Monday, September 05, 2005

Mission of Mercy: Gore brings storm victims to home state

by Darren Dunlap
of The Daily Times

They were tired, weary and gracious.

Some needed medical care, and others simply wanted a shower. Many were elderly and fragile.

Rob Webb, director of Rural/Metro Ambulance Service in Blount County, said hospital patients and evacuees flown into Knoxville from New Orleans Saturday showed their gratitude as they left the plane.

``I welcomed them to Tennessee, told them they were going to be taken care of in a nice hospital,'' Webb said.

An American Airlines plane arrived at McGhee Tyson Airport at 3:10 p.m. Saturday with about 130 people from New Orleans.

Former Vice President Al Gore was on the plane, helping patients. He did not grant interviews to reporters Saturday.

``My understanding was that he made this happen, that he actually arranged for this aircraft,'' Webb said.

Ninety of the passengers were patients from Mercy Hospital in New Orleans, according to Knox County spokesman Dwight Van de Vate.

A dozen patients were taken to Blount Memorial Hospital. Ten were treated and released. Two were admitted to the hospital. Those not admitted to Blount Memorial Hospital will go to a shelter at Blount Christian Church in Maryville. Three people checked into the shelter on Saturday.

Several patients were diabetic, and some needed dialysis. Many patients had been without medication for ``several days,'' but were ``relatively stable,'' said Dr. Roger Brooksbank, an emergency physician with Team Health at Blount Memorial Hospital.

The remaining 40 passengers were evacuees who needed no ``acute medical care,'' according to Van de Vate. Regardless, all were taken to hospitals in Knoxville, Blount County, Oak Ridge and Jefferson County for evaluation. They were divided among the hospitals to prevent overwhelming them.

There were two children on board who were not ``chaperoned,'' said Van de Vate. The children were taken to East Tennessee Children's Hospital for evaluation. They would likely be placed in foster homes by Tennessee Department of Children's Services. Van de Vate said the shelters are not equipped to take children.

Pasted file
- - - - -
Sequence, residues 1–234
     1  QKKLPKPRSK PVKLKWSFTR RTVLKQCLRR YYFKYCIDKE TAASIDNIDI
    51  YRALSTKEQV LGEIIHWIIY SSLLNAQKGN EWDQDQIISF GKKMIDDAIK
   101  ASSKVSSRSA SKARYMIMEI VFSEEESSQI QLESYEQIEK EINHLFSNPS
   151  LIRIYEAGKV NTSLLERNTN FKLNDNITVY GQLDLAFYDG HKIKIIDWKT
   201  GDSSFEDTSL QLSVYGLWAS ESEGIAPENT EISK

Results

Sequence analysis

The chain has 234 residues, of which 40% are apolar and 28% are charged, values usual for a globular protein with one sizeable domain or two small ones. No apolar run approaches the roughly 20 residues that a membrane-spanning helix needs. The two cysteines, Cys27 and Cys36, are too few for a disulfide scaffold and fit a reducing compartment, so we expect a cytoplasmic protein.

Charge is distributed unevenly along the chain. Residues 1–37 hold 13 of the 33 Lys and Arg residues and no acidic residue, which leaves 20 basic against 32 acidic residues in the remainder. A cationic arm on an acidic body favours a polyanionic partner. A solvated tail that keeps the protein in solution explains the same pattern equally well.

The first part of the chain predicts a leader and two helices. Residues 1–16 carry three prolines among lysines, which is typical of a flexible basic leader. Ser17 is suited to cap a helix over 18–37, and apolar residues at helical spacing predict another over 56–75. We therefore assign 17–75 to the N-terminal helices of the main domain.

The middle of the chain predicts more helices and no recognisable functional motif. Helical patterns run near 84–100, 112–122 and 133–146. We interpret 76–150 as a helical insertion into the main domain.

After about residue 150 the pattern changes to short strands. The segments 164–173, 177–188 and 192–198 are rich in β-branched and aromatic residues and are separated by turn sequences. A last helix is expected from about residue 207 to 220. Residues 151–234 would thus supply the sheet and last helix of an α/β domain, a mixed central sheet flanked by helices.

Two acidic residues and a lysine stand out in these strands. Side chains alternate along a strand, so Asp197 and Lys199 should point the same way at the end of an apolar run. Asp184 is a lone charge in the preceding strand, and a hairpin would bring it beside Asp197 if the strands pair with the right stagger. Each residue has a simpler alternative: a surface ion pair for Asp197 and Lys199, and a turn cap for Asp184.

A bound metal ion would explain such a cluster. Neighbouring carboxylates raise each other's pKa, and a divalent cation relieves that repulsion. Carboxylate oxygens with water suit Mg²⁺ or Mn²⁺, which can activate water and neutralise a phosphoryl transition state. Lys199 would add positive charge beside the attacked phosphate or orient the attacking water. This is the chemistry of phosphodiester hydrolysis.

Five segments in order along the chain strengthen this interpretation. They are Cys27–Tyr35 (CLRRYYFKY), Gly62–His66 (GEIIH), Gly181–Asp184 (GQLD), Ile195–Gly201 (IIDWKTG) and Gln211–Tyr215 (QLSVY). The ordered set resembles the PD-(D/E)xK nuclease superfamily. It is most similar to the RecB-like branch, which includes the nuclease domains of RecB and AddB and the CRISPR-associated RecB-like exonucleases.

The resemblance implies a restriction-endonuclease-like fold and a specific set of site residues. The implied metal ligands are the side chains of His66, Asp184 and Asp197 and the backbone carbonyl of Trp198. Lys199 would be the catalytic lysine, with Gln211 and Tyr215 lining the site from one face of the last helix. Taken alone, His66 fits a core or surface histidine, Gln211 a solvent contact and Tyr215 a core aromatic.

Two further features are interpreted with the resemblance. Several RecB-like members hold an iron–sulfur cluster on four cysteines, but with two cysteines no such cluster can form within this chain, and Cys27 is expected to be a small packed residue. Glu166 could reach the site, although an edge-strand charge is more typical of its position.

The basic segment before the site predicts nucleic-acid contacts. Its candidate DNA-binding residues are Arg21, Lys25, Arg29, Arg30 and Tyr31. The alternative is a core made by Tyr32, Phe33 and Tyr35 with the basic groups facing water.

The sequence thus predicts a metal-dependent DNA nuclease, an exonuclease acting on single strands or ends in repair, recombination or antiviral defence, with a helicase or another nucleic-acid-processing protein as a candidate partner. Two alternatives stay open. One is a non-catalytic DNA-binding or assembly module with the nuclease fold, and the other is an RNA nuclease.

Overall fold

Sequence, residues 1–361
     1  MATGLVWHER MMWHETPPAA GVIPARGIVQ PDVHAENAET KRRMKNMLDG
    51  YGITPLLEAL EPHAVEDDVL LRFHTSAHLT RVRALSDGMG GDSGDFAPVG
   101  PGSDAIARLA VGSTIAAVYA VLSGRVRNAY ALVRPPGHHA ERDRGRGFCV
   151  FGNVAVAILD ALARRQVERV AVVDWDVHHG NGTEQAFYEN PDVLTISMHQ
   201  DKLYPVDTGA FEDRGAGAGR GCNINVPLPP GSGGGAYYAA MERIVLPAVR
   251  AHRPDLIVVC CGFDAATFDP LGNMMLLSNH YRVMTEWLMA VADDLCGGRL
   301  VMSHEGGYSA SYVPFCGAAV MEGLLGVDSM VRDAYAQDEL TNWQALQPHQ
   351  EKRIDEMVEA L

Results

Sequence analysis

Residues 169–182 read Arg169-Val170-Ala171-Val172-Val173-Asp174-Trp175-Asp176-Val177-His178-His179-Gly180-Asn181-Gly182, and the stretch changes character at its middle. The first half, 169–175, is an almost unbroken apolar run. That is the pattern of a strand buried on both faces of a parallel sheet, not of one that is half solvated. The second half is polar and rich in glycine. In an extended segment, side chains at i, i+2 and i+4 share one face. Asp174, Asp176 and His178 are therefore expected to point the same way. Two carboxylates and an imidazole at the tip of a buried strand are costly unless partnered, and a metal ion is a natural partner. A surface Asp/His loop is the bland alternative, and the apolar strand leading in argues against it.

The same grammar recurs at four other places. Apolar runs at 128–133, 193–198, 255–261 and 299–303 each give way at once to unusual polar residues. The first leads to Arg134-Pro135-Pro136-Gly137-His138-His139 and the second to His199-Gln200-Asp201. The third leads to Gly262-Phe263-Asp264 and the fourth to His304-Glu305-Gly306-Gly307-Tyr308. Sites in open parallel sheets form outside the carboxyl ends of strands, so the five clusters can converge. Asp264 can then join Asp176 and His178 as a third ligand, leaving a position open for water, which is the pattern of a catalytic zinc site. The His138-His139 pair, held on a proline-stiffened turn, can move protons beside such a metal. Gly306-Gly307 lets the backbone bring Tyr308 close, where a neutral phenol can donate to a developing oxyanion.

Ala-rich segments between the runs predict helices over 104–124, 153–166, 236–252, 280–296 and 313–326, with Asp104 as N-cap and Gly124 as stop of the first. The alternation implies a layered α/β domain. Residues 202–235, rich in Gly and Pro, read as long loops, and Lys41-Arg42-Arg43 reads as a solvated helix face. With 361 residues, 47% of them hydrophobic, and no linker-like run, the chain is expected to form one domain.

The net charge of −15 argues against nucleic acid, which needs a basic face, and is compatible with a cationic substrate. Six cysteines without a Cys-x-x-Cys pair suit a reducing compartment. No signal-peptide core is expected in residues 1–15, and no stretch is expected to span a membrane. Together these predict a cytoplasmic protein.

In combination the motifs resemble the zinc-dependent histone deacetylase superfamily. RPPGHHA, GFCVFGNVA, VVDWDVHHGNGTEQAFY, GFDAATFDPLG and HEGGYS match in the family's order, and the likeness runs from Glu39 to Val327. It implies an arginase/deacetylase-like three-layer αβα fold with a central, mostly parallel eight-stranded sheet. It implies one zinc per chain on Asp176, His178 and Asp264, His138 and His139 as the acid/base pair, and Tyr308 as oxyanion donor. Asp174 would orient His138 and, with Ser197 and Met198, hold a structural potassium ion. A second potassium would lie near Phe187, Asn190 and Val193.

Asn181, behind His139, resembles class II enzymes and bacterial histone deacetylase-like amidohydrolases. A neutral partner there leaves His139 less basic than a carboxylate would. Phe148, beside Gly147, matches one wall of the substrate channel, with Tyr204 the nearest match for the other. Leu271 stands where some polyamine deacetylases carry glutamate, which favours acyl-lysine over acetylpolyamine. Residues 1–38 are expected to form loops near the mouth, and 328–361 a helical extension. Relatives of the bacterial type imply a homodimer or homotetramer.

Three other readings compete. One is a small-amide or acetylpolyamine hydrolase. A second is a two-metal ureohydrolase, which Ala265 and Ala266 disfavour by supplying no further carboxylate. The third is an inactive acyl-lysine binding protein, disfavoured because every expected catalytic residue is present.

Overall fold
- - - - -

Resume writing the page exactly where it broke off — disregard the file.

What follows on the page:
Many of the people not being hospitalized would be taken to a shelter at First Baptist Church in downtown Knoxville, he said.

East Tennessee hospitals and emergency services agencies learned Friday night the plane would be arriving Saturday. Planning began at 9:30 a.m. Saturday.

Initially, the plane was scheduled to arrive at 1:10 p.m. Saturday, but arrived two hours later.

``It was originally supposed to go to Chicago, but it came here,'' Van de Vate said.

Vanderbilt physician Anderson Spicker went with medical crew to New Orleans to pick up the evacuees and patients. He said Saturday evening that they would have returned that night to pick up more people, but the lights at Louis Armstrong New Orleans International Airport landing strip were not working.

``I want to emphasize how pleased we are, how we trusted this city to get resources together,'' Spicker said. ``We didn't even know what kind of patients we were going to have.''

Kelley Mure, Blount County Homeland Security Director, said the emergency assistance came through a mutual agreement between 16 counties in East Tennessee, including Knox and Blount counties.

``They had a plan in place, they activated it, and it worked,'' Mure said. ``The only glitch was it was `hurry up and wait.'''

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